Dr Elaine Ingham/compost

scotston

Member
I've been dragged down a rabbit hole and wondered if anyone had already been? Her thoughts to me seem revolutionary but I've searched the forum and there's not a great deal of chatter about her ideas.
Just wondering if there are any opinions or anyone seen any trial data?
 

Barleycorn

Member
BASE UK Member
Location
Hampshire
To add, if you watch how to make compost, don't think you need big fancy compost turners.
A tractor and loader will do.👍
They are a lot easier though!
2021-01-08 13.57.26.jpg
 

mo!

Member
Mixed Farmer
Location
York
I was chatting to a respected soil scientist and her name came up. Let's just say that the comments weren't exactly complimentary. Snake oil may have been mentioned.
 

scotston

Member
I was chatting to a respected soil scientist and her name came up. Let's just say that the comments weren't exactly complimentary. Snake oil may have been mentioned.
that's what I'm looking for but in a sensible, peer reviewed sort of way. Or in the case of the TFF, is there someone using her principles particularly the 'you don't need to add minerals as you will already have enough already..' part. That must be news to most of the existing agri science.
 

scotston

Member
I've seen lots of her videos and lots of other people's.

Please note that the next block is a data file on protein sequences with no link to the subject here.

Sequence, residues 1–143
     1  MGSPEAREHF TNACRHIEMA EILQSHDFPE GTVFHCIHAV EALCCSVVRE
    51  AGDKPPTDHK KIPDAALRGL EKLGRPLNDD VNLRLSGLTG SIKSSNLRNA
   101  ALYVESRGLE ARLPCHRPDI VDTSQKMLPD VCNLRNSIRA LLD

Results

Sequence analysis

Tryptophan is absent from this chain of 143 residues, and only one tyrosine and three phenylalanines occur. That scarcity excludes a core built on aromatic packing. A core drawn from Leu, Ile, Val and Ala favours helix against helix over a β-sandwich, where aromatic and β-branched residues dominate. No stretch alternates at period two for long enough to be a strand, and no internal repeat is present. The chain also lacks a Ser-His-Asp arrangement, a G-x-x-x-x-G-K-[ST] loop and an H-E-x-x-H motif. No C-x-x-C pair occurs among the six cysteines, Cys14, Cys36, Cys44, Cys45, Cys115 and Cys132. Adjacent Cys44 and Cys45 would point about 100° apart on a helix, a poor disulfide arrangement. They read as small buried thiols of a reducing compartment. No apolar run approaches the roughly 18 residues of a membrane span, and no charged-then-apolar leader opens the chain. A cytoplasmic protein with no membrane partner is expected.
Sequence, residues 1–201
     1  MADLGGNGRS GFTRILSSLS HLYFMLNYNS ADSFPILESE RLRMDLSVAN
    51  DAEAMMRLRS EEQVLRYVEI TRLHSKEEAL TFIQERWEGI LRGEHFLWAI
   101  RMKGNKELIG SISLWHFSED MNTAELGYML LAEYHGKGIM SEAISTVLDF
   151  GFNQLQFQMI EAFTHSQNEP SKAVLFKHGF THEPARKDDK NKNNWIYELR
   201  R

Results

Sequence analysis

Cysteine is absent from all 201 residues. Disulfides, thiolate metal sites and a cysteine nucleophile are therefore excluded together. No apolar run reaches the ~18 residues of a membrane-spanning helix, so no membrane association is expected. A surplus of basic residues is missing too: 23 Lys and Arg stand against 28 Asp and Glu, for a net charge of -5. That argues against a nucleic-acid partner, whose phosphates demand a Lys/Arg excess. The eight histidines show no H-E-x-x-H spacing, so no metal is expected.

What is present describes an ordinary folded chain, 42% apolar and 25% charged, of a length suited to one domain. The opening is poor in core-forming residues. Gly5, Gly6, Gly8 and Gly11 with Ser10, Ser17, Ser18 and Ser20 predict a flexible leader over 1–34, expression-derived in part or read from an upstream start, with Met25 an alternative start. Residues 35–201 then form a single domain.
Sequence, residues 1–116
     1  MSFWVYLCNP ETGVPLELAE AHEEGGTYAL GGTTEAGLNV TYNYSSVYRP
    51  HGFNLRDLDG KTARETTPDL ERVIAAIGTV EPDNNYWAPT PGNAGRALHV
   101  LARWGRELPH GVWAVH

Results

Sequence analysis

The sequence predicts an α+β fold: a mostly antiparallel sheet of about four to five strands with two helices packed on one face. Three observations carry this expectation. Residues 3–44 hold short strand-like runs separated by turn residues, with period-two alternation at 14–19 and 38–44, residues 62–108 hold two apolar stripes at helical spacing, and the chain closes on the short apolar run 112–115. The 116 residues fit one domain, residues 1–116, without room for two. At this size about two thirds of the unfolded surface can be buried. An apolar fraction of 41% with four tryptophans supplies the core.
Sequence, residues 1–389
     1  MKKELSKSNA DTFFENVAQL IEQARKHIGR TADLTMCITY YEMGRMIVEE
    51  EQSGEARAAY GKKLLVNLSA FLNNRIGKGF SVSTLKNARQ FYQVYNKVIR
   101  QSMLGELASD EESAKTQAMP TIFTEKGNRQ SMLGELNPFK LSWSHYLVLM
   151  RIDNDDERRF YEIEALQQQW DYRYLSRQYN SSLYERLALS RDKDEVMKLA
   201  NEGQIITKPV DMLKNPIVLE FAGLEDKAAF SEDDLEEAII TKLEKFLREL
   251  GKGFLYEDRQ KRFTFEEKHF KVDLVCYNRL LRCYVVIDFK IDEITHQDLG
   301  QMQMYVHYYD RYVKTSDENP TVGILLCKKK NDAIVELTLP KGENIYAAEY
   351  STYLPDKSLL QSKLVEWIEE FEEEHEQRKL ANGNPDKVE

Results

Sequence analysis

Get past the alphabet soup and her general themes seem reasonable.
Other people do similar things too so can't be all bad.
I make compost, go to the coming famine thread page 4 post 73.
thanks for that, I've had a look. Hopefully I can ask without insult if you follow her methods, why do you add AN as she very much declares it kills the biology you are adding from your compost? Do you get the soil and compost biologically sampled or microscoped so you have a bit of science to complement your judgments?
 

le bon paysan

Member
Livestock Farmer
Location
Limousin, France
thanks for that, I've had a look. Hopefully I can ask without insult if you follow her methods, why do you add AN as she very much declares it kills the biology you are adding from your compost? Do you get the soil and compost biologically sampled or microscoped so you have a bit of science to complement your judgments?
Add nothing and trust to luck, but it seems to work for me.
 

scotston

Member
Add nothing and trust to luck, but it seems to work for me.
sorry, I maybe wasn't clear, but in the other thread you redirected me to, you said "Just for reference my cutting ground gets 3/ 4 tonnes of compost and 40 kgs of AN fertilizer". This isn't exactly what she meant? She said you need to measure the existing biology in your soil, measure the biology in your compost and then square the circle. She definitely doesn't like adding AN even though you're not adding a lot. Her point and really the extreme point I want to explore here is that she believes all the minerals are available in the soil; just needs good and balanced biology to realise it. This is contrary to all 'normal' agriculture which is based on the premise that you need to add back what you have removed. So who follows this principle and gets 2 or 3t/ac barley, wheat etc - Does it bloody work or is it 'snake oil'?
 
that's what I'm looking for but in a sensible, peer reviewed sort of way. Or in the case of the TFF, is there someone using her principles particularly the 'you don't need to add minerals as you will already have enough already..' part. That must be news to most of the existing agri science.